Flash forward a decade to the mid-70's. After some unbelieving years I had returned to Christianity, and my husband and I were students at an Episcopal seminary near Washington, DC. We decided, out of curiosity, to go observe a prayer service that was being held each week at Catholic University. Our southern background led us to associate "Holy Ghost" - style worship with tiny rural churches, but now we were hearing that Catholics, Episcopalians, and other stolid types were experiencing a "charismatic renewal." So we took a seat on the back row and listened to mild, earnest songs that were accompanied by strumming guitars. This was followed by silence, then came an indecipherable sound. I clutched my husband's arm. "This priest next to me!" I whispered. "He's talking, and he's not talking English!" The rhythms of glossolalia filled the room.
Then something disturbing happened. A dumpy-looking guy stood up and said, "What you people are doing here is really good. It's not my thing, but it's good. My friends and I like to do something too. We kill people. We killed somebody last night. Anyway, thanks, and I like what you're doing here."
As he sat back down my hair was standing on end. I hissed to my husband, "What if his friends are waiting outside?" and he replied, "Don't you see? He doesn't have any `friends.'" The slumped, lonely figure did not have the appearance of someone who was too well plugged into reality; it seemed clear that this Manson-style spree was all in his mind. We waited to see what would happen next. If this had occurred at the kind of church service we were used to, it would be chaos.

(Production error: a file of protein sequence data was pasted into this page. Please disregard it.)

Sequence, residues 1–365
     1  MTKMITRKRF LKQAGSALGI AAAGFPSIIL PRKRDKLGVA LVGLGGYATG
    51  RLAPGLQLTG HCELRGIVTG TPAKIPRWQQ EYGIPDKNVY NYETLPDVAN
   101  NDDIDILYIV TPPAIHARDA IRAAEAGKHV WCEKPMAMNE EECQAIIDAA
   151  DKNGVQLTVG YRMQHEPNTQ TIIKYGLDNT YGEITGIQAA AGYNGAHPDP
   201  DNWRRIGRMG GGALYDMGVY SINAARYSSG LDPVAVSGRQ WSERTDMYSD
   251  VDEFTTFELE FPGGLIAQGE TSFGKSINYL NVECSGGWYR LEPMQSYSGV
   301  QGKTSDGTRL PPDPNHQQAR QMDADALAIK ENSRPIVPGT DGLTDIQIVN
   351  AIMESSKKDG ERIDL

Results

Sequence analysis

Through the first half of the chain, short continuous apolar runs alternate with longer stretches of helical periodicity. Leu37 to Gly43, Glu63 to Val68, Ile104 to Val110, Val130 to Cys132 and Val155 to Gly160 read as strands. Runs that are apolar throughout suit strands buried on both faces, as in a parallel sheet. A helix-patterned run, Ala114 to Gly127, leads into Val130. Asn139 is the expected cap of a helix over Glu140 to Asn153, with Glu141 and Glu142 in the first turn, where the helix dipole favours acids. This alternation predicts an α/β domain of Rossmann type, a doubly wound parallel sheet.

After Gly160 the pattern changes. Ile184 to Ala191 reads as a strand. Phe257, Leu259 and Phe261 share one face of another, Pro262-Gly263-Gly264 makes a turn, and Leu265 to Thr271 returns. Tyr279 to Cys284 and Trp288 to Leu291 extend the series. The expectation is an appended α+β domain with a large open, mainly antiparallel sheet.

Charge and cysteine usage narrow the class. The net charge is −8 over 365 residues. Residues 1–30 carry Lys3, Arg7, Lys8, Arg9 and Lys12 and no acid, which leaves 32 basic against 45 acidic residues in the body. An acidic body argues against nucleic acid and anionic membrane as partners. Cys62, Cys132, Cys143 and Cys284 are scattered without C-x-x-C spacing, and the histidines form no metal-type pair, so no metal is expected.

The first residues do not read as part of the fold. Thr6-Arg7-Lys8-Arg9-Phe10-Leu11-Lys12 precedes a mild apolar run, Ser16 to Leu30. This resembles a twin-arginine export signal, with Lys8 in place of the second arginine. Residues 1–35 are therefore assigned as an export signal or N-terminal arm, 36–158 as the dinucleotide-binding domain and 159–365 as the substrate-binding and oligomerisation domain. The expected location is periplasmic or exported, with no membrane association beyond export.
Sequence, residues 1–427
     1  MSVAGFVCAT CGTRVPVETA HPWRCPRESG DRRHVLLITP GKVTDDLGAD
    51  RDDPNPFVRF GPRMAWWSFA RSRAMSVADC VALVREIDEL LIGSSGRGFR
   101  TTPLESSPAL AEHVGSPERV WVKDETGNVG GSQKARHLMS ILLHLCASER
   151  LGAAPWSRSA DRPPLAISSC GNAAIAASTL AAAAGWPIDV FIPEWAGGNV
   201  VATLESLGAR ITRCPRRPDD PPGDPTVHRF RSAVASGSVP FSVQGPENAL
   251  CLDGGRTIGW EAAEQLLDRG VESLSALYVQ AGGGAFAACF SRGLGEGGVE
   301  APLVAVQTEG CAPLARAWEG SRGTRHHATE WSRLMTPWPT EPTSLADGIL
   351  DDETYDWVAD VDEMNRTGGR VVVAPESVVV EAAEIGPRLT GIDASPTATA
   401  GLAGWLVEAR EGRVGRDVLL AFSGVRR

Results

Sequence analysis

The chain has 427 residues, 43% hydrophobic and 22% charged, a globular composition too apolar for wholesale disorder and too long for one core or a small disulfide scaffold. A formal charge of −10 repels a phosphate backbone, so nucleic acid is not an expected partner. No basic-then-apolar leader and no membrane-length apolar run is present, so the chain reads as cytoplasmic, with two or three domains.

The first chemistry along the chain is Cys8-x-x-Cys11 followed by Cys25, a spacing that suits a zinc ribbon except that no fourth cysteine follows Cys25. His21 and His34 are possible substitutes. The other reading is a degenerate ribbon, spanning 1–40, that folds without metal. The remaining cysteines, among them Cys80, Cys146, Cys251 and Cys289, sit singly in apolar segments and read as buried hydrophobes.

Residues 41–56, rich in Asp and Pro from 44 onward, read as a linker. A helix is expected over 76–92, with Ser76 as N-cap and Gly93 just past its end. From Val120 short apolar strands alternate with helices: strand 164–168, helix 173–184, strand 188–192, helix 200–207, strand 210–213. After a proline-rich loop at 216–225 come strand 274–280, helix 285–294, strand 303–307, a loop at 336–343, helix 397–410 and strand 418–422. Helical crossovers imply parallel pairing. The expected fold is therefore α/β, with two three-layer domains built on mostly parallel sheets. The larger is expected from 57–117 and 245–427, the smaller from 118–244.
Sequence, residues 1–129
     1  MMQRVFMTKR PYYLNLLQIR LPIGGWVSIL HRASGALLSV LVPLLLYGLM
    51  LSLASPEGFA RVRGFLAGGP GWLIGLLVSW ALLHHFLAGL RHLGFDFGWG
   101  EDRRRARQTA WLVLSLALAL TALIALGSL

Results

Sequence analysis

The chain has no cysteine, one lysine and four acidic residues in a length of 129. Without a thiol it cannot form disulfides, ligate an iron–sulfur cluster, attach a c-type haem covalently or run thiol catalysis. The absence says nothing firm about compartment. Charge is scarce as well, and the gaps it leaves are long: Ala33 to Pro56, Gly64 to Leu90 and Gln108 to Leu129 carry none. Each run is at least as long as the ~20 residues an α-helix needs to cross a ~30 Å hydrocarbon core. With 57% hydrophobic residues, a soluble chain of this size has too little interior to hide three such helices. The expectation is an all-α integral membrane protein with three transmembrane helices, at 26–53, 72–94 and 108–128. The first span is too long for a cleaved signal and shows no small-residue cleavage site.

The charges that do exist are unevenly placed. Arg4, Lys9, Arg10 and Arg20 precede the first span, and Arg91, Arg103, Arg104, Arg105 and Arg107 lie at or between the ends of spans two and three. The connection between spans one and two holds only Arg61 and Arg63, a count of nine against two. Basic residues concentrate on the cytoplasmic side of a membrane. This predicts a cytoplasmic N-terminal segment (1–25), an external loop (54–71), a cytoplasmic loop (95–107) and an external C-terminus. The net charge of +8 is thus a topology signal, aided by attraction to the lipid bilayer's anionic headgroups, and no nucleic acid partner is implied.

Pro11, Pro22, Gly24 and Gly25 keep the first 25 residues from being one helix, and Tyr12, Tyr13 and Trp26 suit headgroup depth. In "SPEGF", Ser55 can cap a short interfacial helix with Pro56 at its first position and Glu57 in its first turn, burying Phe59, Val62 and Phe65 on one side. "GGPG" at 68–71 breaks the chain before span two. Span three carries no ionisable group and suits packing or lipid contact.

But what happened surprised us. A blanket of peace gently dropped over the room. A person got up and began to pray for the man who had just spoken, that the Evil One would be driven away from hurting and oppressing him, that he would have clarity of mind and peace and come to know the love of God. (Maybe he had spoken up at meetings before?) A few others prayed in similar ways. Then the thread of worship picked up as it had before, a meandering series of prayers, songs, and scriptures.
That made a big impression on me. At last I knew what the Holy Spirit was for; he was able to give peace and direction in a moment of fear and confusion. He could do a lot of other things, I was soon to learn: healings, prophetic words of guidance, glimpses of the future. On a December evening, a fellow-seminarian prayed over us and we were "baptized in the Holy Spirit" and prayed in tongues.
I wish I could summarize the next decade or so in a couple of words, but it was too full of upheaval. Sometimes we were thrilled and exhilarated with the presence of the Holy Spirit. We saw healings and miracles; we experienced many "words" from the Lord. By now, I was the one strumming guitar, and as we finished seminary and began to serve in Episcopal parishes we always kept a midweek Prayer and Praise service going. It was terrific.
For a while, anyway. Then it began to get tedious. We felt like it was a chore to crank everyone up to a fever pitch of spiritual excitement every week. As the person leading the music, I was uncomfortably aware that much of what people were feeling was guided by my prodding. I wanted the music to serve and underscore religious experience, but there was a thin line between that and manipulating it.
I was also afraid. I was afraid that I was losing my "first love," as Christ warned the church at Ephesus (Revelation 2:4).
At a busy, noisy, hands-in-the-air women's retreat I found myself sitting silently with my hands in my lap. All my friends were surging gaily around me, but I had my eyes closed. I felt like there was a little oil lamp in my heart with a tiny sputtering wick. If I got agitated and tipped it even a bit, it would go out. I needed to stay quiet.
We began searching for something deeper. My husband rediscovered his childhood "high church" Anglicanism. I began reading St. Therese of Avila and St. John of the Cross (16th century), Julian of Norwich and the "Cloud of Unknowing" (14th century), and gradually it dawned on me that this path kept on going back, right to the beginning. It was possible to rediscover the faith of the earliest Christians, the ones who lived in the Middle East and spoke the same language the New Testament was written in. It was possible to recover the original faith.